- The second meaning is that a Christian who wants to fight the good fight must stick to the truth, be honest, and not have a hidden agenda. A Christian worker may have amazing swords and weapons in his spiritual equipment, be an accomplished evangelist and prophet, but if the work is not built on truth and honesty, it will eventually fall and collapse like a house of cards. But he who is genuine and honest and does the best he can to share the gospel with his fellow man will see good fruit from his work for Jesus.
- The belt of truth is taken on when preparing for battle. A Christian worker prepares for the spiritual battle by always sticking to the truth and building his entire business on a genuine honesty.
The Breastplate of Righteousness
- The Roman soldiers wore a bronze armor on their chest and back to protect the most important organs in battle. Of course, it was possible to die in battle even while carrying an armor, but if you didn’t, you could die far too quickly and easily from the first best stab.
- The Greek word “dikaiŏsunē,” which translates to “righteousness,” means simply doing what is right, whether one is persecuted for it or not (Matt. 5:10).
- Taking on the armor of righteousness means deciding to do what is right, whether you are being opposed, criticized, or suffering for it. To continue to help refugees regardless of whether society considers it politically correct or not. To continue preaching the truth of God’s Word regardless of whether society changes its mind.
- The breastplate of righteousness is put on as the battle approaches, when one sees that the clouds of concern are piling up and criticism begins to increase. Then you should continue to do what is right and not become a weathervane that changes your mind according to the politically correct opinion of the day.
The Shoes of Readiness
- The Roman soldiers wore special sandals called “caligae”. These shoes were often equipped with sharp little spikes underneath, much like studded tires on ice, which allowed them to stand firmly and firm, as well as being able to march very far at a fast pace in difficult terrain.
- The Greek word “hĕtŏimasia” means to be “prepared”, “ready” and “willing”. The word is also used to describe something that is “finished” and “ready.” For example, the room that Jesus told his disciples to prepare for Easter celebrations, it was prepared and “finished” and stood “ready” for the disciples (Mark 14:15).
- The first meaning of being “ready” is being able to stand steadfastly stuck in a battle. In order to be able to “stand firm” in a battle, these “stud-shoes” were invaluable to the Roman soldiers. For a Christian to stand firm in his faith in the midst of a spiritual struggle, the “inner peace” of the gospel is priceless. This inner peace we get because we know that the gospel is “finished”, it is already prepared and fixed by Jesus. We don’t have to do anything more than receive. If you have the inner peace you get from the gospel, you can stand as unwavering in the midst of the heat of battle as a Roman soldier with studded shoes.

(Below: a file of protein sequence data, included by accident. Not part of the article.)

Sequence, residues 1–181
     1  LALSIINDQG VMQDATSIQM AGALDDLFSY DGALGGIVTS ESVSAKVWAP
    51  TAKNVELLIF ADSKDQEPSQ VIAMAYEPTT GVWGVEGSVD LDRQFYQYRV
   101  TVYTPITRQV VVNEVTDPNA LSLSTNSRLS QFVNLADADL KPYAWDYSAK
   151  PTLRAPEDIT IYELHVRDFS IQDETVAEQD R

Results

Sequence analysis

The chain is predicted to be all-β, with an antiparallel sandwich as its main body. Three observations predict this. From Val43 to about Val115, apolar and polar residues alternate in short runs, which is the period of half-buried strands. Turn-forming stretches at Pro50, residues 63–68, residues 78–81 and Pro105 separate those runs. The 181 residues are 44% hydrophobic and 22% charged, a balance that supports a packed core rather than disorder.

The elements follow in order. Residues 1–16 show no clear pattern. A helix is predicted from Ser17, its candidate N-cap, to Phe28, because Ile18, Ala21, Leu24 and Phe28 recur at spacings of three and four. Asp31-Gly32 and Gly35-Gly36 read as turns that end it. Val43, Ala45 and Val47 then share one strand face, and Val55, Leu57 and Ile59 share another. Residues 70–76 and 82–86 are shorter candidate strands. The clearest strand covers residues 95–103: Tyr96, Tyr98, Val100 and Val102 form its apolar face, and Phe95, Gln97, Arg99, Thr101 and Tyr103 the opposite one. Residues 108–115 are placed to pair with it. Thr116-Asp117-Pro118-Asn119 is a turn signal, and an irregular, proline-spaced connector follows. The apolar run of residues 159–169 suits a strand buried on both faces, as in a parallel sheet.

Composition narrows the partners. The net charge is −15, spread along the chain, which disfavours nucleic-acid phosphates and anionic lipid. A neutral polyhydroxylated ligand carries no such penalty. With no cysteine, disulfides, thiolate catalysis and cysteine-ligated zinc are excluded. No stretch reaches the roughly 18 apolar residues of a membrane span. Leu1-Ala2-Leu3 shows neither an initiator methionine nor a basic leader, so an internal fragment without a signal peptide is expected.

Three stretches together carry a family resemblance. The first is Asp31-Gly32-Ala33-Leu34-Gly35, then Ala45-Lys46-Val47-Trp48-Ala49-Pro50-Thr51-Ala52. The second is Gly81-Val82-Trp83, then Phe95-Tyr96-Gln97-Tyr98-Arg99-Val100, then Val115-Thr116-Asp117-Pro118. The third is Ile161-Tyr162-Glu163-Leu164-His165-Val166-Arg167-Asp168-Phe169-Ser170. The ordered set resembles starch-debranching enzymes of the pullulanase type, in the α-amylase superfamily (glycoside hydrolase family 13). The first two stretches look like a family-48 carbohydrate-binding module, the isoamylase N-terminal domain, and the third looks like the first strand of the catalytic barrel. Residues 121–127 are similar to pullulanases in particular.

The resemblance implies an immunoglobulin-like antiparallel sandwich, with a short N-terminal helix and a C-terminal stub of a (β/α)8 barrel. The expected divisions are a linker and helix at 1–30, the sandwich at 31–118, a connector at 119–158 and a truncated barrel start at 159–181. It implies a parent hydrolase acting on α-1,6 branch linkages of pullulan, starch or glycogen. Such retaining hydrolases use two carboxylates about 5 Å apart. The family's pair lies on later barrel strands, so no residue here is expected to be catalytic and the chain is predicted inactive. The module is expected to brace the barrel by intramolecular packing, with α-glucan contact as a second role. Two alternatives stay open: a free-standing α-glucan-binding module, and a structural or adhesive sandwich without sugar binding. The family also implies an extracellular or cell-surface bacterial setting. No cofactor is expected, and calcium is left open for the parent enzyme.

- The second meaning of being “ready” is being able to go further and faster than anyone else even if the terrain is difficult. The fact that we have received the gospel and received peace in our hearts makes us want to spread this gospel to more people who have not yet heard of Jesus. We are “prepared” to go further than we can see, to “cross the mountains” to “proclaim peace and salvation” and “bring forth good news,” as Isaiah prophesies (Isa. 52:7).
- “How beautiful upon the mountains are the feet of him who brings good news, who publishes peace, who brings good news of happiness, who publishes salvation, who says to Zion, “Your God reigns.”” (Is 52:7)
- The shoes of readiness are put on when it’s time to head to the battle. When you understand that it’s going to be tough, you need to pray to the Lord for the inner peace that only Jesus can bring.
The Shield of Faith
- At the beginning of the battle before the man-to-man battle, the enemy could send a rain of arrows over the opponent. The Roman soldiers then each had a shield to hold up for protection. The protection became extra effective when the soldiers formed the so-called “turtle formation” by putting the shields together and helping to protect each other. The front ranks hold the shield in front of them and the rear ranks hold their shields above the heads.
- Since the shields were often made of wood, the enemy sometimes shot burning arrows to set fire to the shields. The Roman soldiers had therefore often wrapped their wooden shields in wet leather so that the fire would quickly go out.